Subsequently, she examined those studies that addressed the image of Muslims in cinema, mentioning among others:

  • “Muslim image in American cinema”, a semiologic analysis of both films, “Traitor” and “The Kingdom”.
  • “Reel Bad Arabs: How Hollywood Vilifies a People”. Jack Shaheen worked through this study to analyse over 1000 films, starting from the early days of silent American cinema to latest releases. He stated that according to his analysis Arabs and Muslims were always representing evil, enemies, and barbaric.
  • The 2014CE study titled “The image of Islamic activists on screen” by Ahmad Salim. This study aimed to explore the cinematic image and how it is employed to serve politicised ideology, particularly how Islamic activists are depicted on Western screens and in the Western world.
  • “The image of Islam in Western media” by Mohamed Bashari (2004CE). The book’s importance derives from its presentation of examples of some distorted images of Islam and Muslims in French, German, and British media. 

She also covered the objectives, purposes, and topics of the story in the Noble Qur’ān. She did not neglect to explain cinema’s importance and role in serving the Noble Qur’ān, considering that the Islamic film is a successful tool for promulgating Islam. She then traced the chronology of cinematic presentation of the Noble Qur’ān’s stories in world cinema, and the aspects of misrepresentation. Subsequently, she alluded to stories from the Holy Bible, such as the story of Jesus in cinema.

The researcher focused on analysing the film, “Noah”, using tools and technologies, which she presented as follows:

Descriptive tools, including technical cutting, sequencing, and describing the film’s images.

Technical cut is a term indicating describing the film, Noah, in its final form, and revolves around the following:   

  • The shot comprising shot number, shot sequence, camera angle, and camera movements.
  • Soundtrack comprising music, sound and dialogue, and sound effects.
  • Frame track comprising frame content, characters, setting, and objects.
  • Editing, this technology represents the process of defining sequences.
  • Description of the film’s frames, meaning converting the media messages and meanings contained by the film into written language; this technology provides details related to frame content, comprising the technology of freezing the frame.

This study concluded that there was deliberate misrepresentation of Prophet Noah, peace be upon him, compared to the religious account. The film portrayed the eternal struggle between good and evil, and between mercy and forgiveness, basing that on the historical context. She closed her paper with an important recommendation, which is confessing to the clear shortcoming of Islamic media discourse generally, and Islamic cinematic discourse, especially. This compels the Islamic world to open up to the Western world and the realities of the time, while preserving the Muslim nation’s fundamentals and customs. Moreover, Muslims in the West should form a lobbying force, raising their voice to defend their religion, image, and identity.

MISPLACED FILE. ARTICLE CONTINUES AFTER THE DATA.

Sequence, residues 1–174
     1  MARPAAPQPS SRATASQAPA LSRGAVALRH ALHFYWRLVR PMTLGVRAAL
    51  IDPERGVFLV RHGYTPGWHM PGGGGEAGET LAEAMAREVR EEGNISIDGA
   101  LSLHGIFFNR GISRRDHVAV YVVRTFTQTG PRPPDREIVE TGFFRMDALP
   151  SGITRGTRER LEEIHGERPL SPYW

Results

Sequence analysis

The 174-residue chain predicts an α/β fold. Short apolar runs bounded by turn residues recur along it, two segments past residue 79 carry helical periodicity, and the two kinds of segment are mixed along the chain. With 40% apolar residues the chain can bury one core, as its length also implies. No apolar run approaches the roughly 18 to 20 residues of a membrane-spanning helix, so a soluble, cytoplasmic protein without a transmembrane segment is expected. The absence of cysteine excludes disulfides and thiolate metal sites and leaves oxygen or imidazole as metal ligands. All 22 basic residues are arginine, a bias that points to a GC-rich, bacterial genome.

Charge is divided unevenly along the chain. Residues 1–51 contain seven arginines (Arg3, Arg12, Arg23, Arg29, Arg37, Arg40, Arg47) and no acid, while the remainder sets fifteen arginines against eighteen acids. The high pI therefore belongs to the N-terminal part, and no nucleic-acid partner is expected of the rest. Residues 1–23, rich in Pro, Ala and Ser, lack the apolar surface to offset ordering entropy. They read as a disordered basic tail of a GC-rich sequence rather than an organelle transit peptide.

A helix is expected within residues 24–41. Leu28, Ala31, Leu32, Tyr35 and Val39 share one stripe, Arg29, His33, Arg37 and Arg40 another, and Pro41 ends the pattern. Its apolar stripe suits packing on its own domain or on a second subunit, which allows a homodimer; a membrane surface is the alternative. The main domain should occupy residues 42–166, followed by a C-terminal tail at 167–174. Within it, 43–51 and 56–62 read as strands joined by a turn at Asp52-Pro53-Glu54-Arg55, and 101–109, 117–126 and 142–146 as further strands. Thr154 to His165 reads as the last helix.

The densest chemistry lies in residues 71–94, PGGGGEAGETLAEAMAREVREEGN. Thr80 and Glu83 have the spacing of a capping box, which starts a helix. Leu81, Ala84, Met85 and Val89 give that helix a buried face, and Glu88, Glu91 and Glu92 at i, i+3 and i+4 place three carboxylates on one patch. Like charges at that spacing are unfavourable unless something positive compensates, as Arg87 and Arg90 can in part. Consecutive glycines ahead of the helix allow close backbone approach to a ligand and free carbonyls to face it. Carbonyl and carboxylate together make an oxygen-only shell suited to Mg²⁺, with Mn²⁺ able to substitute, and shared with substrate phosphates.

Dr Yousef Fathi Hamdan commented on her paper, emphasising that the paper is novel and important. It addressed a vital issue relating to the relationship between the religious and cinematic. Furthermore, it was a bold study in its area with many positives. However, he restricted himself to elucidating some key aspects, such as his discussion of quotes and references, which was typically not defined by the researcher. He then touched upon an important issue, which is the relationship of the term, Islamic art and Islamic cinema, indicated by researcher, Khdija Brik. However, he commented that the paper focused on desired effects and results on the audience, without providing a scientific description or defining these according to clear rules, as is customary in the techniques of defining terms. The researcher opined that this is further complicated when compared with what the West possesses.

Dr Hamdan posited that cinema and cinematic film, as addressed by the researcher require further expansion and greater precision, given that cinema is part of the cultural industry, with its own economic lifecycle differing from other industries. He also addressed the matter of the story in the Qur’ān, and its connection to the literary and artistic aspect, regardless of artistic terms tied to cinema and culture. Similarly, considering cinema a proselytising tool. He ended his commentary by exploring the issue of prohibiting personifying the Prophets by actors, saying that this is an old-new matter, as articulated in Abdullah Ibn al-Siddiq’s book, “Iqāmat al-dalīl ‘alā ḥurmat al-tamthīl (Establishing indicants on the prohibition of acting)”, and posited that it required a new approach.

The participants then began to discuss the papers, expressing their view on their importance and depth, while raising a multitude of scientific, epistemological, and artistic issues, which would aid in scholarly research. They also praised the efforts expended by Al-Furqān Foundation and its partners in driving forward scientific research, and identifying all that is novel and beneficial.

Dr Mohamed Drioueche closed the session by thanking all those present, whether scholars, participants, or organisers. Dr Moulay Hasan al-Barhoumi then recited verses from the Glorious Qur’ān.